The Dual Role of Graphene As a Catalyst Support and Protection Cap for Monolayer Pt Catalysts

Tuesday, 3 October 2017
Prince George's Exhibit Hall D/E (Gaylord National Resort and Convention Center)
A. Abdelhafiz (School of Mat. Sci. & Engr. Georgia Institute of Technology), A. Vitale (Georgia Tech), and F. M. Alamgir (School of Mat. Sci. and Engr., Georgia Inst. of Tech.)
Production of cost-effective polymer electrolyte membrane (PEM) fuel cell materials has been of a great interest over the past decade. At the cathode side, the oxygen reductionreaction (ORR) is the key reaction, for which Pt remains the most widely used catalyst. In order to leapfrog the current limits to Pt use, three main targets have to be achieved. First, is an enhancement of the catalytic activity per Pt atom; second, is a reduction of Pt loading; and third is an increase the catalyst longevity. Here, we demonstrate the dual role of single graphene layer, both as a growth platform and as a protective cap for 2D Pt monolayers catalysts, where all three targets can be achieved.

Using iterative under potential deposition (UPD), monolayers layers of Pt catalyst are grown on top of a monolayer graphene sheet, supported on 50 nm (111) Au substrate. X-ray absorption spectroscopic (XAS) and transmission electron microscopy (TEM) analysis show that Pt monolayers growth is dictated by the graphene-teplated epitaxy. Intimate contact between Pt/graphene induces a localized compressive strain on Pt monolayers ranges 3-10% with an overall compressive strain of 3.5% according to extended x-ray absorption fine structure (EXAFS) analysis. In addition, cyclic voltammetry (CV) analysis shows Pt monolayers fully wetting ~100 mm2area of graphene under-layer with only a ~1 nm ultra-thin layer of Pt, while avoiding ripening as shown through TEM images. Atomic Force Microscopy (AFM) analysis demonstrates that Pt monolayers prefer to follow Frank-van der Merwe growth (i.e. layer-by-layer growth mode) rather than Volmer-Weber growth (i.e. island growth mode), where root mean square (rms) of surface roughness remains quite similar while increasing Pt loading is increased.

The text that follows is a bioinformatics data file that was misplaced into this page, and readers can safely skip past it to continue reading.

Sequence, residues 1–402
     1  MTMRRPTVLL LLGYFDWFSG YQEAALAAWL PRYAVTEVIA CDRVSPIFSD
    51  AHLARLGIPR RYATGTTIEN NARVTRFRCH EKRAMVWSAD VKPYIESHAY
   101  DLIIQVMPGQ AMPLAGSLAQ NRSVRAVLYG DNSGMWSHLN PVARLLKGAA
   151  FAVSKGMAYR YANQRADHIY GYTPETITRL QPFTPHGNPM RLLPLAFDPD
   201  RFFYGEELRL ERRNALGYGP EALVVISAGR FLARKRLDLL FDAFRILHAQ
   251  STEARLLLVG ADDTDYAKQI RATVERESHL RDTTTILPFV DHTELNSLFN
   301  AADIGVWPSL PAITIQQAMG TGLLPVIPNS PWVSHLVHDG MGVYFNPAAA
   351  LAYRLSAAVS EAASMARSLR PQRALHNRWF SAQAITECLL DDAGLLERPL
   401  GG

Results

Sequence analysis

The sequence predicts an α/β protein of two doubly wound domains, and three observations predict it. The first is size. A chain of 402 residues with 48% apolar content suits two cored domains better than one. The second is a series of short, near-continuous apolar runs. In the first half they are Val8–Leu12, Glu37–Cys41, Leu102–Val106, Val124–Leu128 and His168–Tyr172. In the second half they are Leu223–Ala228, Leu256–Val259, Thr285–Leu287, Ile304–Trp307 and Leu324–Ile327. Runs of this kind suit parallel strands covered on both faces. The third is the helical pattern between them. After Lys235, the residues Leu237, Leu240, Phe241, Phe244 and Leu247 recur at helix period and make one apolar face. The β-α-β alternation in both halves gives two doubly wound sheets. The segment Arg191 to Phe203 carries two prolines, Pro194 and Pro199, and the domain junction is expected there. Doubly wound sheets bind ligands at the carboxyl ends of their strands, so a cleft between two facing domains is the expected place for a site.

Pt/graphene hybrid catalysts show superior catalytic activity for ORR relative to the graphene-free counterparts. A combination of the graphene-imposed compressive strain and electron transfer, push the Pt d-band center up, lowering the overpotential needed for ORR to occur. The graphene/Pt hybrid also show superior activity towards ORR for all shallow Pt mass loadings relative to graphene-free cases, which can be attributed to the interface strain. Due to their intimate epitaxial contact, graphene and Pt, therefore, form a new hybrid catalyst that outperforms Pt. Furthermore, the graphene/Pt cap hybrid shows the graphene protecting Pt MLs from both dissolution and from ripening, with almost no Pt loss after 1000 fuel cell operating cycles. Our demonstration of a graphene-Pt hybrid opens the door for graphene/metal or metal/graphene architectures with potential applications in, and not limited to, energy, thermo-electric and electronics field.